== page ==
Another bloodless Saxon victory with the Prussians? While one large Austrian division (12 battalions) seeks to evict the Prussian fusilier battalions from the town, their center is being held by the weaker Austrian advance guard division. Bob’s smaller Austrian division (9 battalions) is soon facing the Saxon linear advance of two deployed Saxon divisions. The last photo doesn’t show the other Saxon division forming up on the first division’s right flank (crossing the hill ridge). This leaves the majority of the Prussian musketeer battalions to assault their weak center unless the larger Austrian division cancels their assault and quickly redeploy to their center. With the Saxon infantry already posed to advance into their center position, the timing would be difficult and most likely cause the Austrians to fight near their back tabletop edge with no depth to their position. The sole Austrian reserve block was four regiments of heavy cavalry. Hence scenario was called by the Austrian high command, ordering their army to retire from the battlefield. The Prussian – Saxony army, with limited Saxon miniature removal again, gained their victory over their honorable opponents, the Austrians. This time the small Saxon reserve or two Guard battalions didn’t even deploy to the tabletop.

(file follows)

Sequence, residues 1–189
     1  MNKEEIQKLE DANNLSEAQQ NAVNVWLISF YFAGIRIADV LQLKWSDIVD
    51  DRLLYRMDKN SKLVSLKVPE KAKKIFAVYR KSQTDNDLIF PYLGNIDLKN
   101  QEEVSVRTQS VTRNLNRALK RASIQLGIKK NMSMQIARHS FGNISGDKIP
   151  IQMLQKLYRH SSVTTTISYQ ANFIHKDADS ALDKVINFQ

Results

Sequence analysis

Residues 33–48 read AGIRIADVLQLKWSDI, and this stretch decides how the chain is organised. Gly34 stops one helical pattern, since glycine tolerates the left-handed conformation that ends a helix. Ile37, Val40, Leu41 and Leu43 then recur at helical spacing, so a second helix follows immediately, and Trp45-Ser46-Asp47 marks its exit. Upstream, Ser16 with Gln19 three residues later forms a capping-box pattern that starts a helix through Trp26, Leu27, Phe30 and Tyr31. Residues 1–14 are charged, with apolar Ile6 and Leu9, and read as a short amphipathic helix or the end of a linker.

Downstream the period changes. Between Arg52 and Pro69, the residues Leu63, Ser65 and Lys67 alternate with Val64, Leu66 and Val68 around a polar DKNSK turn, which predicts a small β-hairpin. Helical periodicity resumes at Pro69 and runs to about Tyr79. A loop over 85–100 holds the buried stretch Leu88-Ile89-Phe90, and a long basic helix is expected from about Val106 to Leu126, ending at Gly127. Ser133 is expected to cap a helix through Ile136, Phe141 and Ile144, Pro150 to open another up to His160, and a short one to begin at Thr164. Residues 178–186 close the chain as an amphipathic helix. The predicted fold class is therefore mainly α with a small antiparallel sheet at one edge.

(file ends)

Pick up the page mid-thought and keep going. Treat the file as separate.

Holiday cheer from the Warren….. brandy laced egg nog for all the miniatures!





3 thoughts on “Lucky 1806 Saxons AAR